Tentative identification of gefitinib metabolites in non-small-cell lung cancer patient plasma using ultra-performance liquid chromatography coupled with triple quadrupole time-of-flight mass spectrometry

Lung Cancer
24/07/2020

PLoS One. 2020 Jul 23;15(7):e0236523. doi: 10.1371/journal.pone.0236523. eCollection 2020.

ABSTRACT

BACKGROUND: Gefitinib is an orally potent and selective ATP-competitive inhibitor of epidermal growth factor receptor (EGFR) tyrosine kinase and is commonly used to treat locally advanced or metastatic non-small-cell lung cancer (NSCLC) with sensitive EGFR mutations. Multiple adverse effects associated with gefitinib, including liver and lung injuries, severe nausea, and diarrhea, have limited its clinical application. Xenobiotic-induced bioactivation is thought to be an important reason for gefitinib toxicity, which encouraged us to clarify the metabolism of gefitinib in NSCLC patients.

MATERIALS AND METHODS: An ultra-performance liquid chromatography coupled with triple quadrupole time-of-flight mass spectrometry (UPLCQ-TOF-MS) method was established to tentatively identify the metabolites of gefitinib in human plasma. The extracted ion chromatogram peak intensity threshold was set at 1500 cps with minimum MS and MS/MS peak intensities of 400 and 100 cps, respectively.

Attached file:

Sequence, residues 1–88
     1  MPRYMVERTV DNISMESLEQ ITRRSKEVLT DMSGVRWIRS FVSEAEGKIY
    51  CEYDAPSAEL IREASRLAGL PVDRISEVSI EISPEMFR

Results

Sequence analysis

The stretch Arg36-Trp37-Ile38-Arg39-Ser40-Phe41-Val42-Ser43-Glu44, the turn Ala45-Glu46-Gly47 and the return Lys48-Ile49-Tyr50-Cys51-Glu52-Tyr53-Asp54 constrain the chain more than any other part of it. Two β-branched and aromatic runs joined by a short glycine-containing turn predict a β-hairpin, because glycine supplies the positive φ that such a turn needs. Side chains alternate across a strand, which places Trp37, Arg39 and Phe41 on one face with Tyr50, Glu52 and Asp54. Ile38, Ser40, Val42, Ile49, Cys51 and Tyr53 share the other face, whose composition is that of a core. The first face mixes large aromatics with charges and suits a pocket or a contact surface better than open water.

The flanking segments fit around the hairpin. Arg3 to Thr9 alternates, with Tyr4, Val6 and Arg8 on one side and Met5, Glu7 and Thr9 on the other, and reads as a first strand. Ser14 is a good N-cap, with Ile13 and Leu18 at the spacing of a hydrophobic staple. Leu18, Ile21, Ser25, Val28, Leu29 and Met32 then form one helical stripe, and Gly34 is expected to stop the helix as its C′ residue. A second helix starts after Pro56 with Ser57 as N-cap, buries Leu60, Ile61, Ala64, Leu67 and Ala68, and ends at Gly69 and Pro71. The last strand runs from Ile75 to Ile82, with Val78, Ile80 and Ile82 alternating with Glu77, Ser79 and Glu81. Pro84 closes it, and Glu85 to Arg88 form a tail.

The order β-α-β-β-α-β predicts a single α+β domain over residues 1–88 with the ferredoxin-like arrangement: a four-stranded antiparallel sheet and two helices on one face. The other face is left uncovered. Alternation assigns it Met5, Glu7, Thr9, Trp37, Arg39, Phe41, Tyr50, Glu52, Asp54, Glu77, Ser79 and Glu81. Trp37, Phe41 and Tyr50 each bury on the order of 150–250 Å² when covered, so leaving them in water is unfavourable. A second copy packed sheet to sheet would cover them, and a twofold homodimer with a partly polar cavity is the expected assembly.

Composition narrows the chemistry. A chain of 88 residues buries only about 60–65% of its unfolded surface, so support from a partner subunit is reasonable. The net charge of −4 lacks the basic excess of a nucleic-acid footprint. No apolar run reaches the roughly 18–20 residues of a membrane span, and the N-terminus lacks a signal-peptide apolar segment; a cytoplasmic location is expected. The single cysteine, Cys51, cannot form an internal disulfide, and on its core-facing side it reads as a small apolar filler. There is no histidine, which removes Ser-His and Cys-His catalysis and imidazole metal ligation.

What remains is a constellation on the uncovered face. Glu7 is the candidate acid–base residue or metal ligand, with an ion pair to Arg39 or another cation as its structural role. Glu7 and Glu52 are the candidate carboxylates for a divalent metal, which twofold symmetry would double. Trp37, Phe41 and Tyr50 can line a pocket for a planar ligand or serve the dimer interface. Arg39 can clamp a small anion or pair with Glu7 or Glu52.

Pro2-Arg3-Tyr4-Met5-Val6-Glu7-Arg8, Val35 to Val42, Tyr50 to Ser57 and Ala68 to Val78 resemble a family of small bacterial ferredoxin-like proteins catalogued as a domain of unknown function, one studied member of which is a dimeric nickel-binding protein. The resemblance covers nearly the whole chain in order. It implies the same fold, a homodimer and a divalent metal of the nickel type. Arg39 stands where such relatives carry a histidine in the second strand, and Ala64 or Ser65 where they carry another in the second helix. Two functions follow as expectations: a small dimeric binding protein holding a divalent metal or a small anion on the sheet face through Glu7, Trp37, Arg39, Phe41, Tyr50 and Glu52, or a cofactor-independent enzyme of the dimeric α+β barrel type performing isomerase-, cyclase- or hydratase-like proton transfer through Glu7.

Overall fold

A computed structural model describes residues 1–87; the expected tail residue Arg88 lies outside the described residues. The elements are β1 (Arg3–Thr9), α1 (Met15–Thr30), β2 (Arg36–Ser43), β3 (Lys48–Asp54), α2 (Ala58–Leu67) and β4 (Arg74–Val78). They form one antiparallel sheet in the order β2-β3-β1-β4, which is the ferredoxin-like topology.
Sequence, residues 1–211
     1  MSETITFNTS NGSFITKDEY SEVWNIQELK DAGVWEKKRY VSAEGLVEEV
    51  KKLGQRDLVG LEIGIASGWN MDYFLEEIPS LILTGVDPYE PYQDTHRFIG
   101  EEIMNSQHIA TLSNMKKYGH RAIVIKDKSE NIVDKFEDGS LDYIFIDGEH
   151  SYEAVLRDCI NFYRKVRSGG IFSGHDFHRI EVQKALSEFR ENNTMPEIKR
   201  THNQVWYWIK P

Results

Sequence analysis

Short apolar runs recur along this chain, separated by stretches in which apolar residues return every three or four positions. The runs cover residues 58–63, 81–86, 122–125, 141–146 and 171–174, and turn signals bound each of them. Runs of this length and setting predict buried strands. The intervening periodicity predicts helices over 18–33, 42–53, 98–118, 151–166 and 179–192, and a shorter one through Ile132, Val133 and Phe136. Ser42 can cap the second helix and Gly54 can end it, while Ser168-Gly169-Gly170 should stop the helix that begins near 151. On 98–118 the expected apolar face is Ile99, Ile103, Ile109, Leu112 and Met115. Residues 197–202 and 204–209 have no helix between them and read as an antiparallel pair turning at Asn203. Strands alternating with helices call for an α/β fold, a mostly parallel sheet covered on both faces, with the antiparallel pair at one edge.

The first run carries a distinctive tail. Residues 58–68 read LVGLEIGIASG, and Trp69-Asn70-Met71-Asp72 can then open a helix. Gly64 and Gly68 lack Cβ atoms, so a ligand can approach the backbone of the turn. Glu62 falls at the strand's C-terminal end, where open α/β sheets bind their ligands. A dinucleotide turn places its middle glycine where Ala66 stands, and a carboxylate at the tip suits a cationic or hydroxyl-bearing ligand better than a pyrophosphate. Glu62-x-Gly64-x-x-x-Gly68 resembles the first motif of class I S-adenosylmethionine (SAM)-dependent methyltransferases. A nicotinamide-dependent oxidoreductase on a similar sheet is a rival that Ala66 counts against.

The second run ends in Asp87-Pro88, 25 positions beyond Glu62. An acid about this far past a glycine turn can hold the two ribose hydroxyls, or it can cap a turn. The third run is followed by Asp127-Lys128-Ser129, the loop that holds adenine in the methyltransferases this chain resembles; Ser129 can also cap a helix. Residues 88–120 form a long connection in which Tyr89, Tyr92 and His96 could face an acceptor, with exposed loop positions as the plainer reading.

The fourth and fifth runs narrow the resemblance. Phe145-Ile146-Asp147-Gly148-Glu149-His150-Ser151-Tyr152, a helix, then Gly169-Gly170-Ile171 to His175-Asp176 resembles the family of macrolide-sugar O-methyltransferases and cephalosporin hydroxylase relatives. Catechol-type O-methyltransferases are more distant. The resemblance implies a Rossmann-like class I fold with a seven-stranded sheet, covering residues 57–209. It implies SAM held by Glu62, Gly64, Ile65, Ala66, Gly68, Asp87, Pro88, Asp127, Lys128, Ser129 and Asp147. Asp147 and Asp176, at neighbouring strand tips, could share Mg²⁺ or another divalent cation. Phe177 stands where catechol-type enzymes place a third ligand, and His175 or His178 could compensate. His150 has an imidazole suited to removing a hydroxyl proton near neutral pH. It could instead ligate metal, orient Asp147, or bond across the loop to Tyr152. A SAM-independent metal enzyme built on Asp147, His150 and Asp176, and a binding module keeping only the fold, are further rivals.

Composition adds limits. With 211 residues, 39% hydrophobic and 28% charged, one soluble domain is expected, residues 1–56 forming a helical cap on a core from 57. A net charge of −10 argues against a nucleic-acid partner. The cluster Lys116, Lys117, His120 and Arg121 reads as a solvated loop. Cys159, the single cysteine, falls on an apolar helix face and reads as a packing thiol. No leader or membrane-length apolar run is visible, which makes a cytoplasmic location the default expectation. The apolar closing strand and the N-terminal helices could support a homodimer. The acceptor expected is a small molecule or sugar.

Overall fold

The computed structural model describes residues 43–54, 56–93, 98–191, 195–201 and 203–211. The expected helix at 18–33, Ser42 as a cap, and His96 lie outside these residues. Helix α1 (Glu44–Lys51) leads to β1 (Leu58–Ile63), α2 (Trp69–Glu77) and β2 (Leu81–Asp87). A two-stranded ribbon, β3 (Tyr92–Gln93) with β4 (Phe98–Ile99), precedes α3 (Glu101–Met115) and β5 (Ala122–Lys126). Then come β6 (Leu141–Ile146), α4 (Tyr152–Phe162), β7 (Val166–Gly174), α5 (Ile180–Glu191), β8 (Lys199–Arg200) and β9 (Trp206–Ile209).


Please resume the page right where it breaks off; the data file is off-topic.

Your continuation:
RESULTS: A total of 18 tentative metabolites were identified. Eight novel tentative metabolites with metabolic changes in dechlorination, defluorination, and hydrogenation on the quinazoline skeleton; removal of a partial or complete 3-chloro-4-fluoroaniline-substituted group; and sulfate conjugation and taurine conjugation were newly discovered in human plasma. Based on structural analysis of the tentative metabolites, the metabolic pathways were proposed. In addition, the pathways of dechlorination, defluorination, and hydrogenation on the quinazoline skeleton; removal of partial or complete 3-chloro-4-fluoroaniline-substituted groups; and sulfate conjugation and taurine conjugation in humans in vivo indicate that novel metabolic pathways exist in humans.

CONCLUSIONS: In summary, the metabolism of gefitinib in humans in vivo is extensive and complex. Based on in vivo evidence, the propoxy-morpholine ring side chain and O-methyl group are the critical metabolic regions of gefitinib in humans. The novel metabolic pathways differ from those of in vitro studies, suggesting that intestinal floral metabolism might be involved.